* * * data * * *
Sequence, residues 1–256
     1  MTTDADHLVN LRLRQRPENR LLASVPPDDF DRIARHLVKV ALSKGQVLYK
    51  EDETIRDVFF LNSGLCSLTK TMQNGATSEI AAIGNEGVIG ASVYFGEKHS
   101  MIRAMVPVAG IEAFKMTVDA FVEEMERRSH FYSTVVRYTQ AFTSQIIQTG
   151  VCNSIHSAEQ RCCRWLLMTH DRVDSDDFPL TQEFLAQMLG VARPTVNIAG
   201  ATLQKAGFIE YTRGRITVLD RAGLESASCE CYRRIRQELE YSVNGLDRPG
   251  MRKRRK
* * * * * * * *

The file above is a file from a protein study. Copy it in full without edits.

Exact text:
Sequence, residues 1–256
     1  MTTDADHLVN LRLRQRPENR LLASVPPDDF DRIARHLVKV ALSKGQVLYK
    51  EDETIRDVFF LNSGLCSLTK TMQNGATSEI AAIGNEGVIG ASVYFGEKHS
   101  MIRAMVPVAG IEAFKMTVDA FVEEMERRSH FYSTVVRYTQ AFTSQIIQTG
   151  VCNSIHSAEQ RCCRWLLMTH DRVDSDDFPL TQEFLAQMLG VARPTVNIAG
   201  ATLQKAGFIE YTRGRITVLD RAGLESASCE CYRRIRQELE YSVNGLDRPG
   251  MRKRRK